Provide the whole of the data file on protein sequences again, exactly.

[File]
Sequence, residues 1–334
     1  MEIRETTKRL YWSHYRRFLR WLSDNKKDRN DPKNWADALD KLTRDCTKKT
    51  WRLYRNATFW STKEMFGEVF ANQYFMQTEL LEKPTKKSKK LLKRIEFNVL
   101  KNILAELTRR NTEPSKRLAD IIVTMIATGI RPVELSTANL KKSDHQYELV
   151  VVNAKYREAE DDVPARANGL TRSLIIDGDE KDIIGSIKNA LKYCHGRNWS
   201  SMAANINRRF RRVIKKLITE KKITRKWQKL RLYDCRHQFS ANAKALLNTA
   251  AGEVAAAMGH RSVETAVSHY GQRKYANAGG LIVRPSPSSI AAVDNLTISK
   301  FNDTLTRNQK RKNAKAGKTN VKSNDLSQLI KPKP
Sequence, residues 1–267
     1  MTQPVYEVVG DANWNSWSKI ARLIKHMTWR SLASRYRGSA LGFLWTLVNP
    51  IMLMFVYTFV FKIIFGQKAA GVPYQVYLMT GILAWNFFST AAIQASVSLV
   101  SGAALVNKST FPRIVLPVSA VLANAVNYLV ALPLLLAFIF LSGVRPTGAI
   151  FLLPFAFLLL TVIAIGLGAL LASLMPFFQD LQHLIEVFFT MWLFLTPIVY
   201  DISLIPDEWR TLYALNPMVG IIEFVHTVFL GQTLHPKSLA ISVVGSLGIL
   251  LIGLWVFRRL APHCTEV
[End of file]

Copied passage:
Sequence, residues 1–334
     1  MEIRETTKRL YWSHYRRFLR WLSDNKKDRN DPKNWADALD KLTRDCTKKT
    51  WRLYRNATFW STKEMFGEVF ANQYFMQTEL LEKPTKKSKK LLKRIEFNVL
   101  KNILAELTRR NTEPSKRLAD IIVTMIATGI RPVELSTANL KKSDHQYELV
   151  VVNAKYREAE DDVPARANGL TRSLIIDGDE KDIIGSIKNA LKYCHGRNWS
   201  SMAANINRRF RRVIKKLITE KKITRKWQKL RLYDCRHQFS ANAKALLNTA
   251  AGEVAAAMGH RSVETAVSHY GQRKYANAGG LIVRPSPSSI AAVDNLTISK
   301  FNDTLTRNQK RKNAKAGKTN VKSNDLSQLI KPKP
Sequence, residues 1–267
     1  MTQPVYEVVG DANWNSWSKI ARLIKHMTWR SLASRYRGSA LGFLWTLVNP
    51  IMLMFVYTFV FKIIFGQKAA GVPYQVYLMT GILAWNFFST AAIQASVSLV
   101  SGAALVNKST FPRIVLPVSA VLANAVNYLV ALPLLLAFIF LSGVRPTGAI
   151  FLLPFAFLLL TVIAIGLGAL LASLMPFFQD LQHLIEVFFT MWLFLTPIVY
   201  DISLIPDEWR TLYALNPMVG IIEFVHTVFL GQTLHPKSLA ISVVGSLGIL
   251  LIGLWVFRRL APHCTEV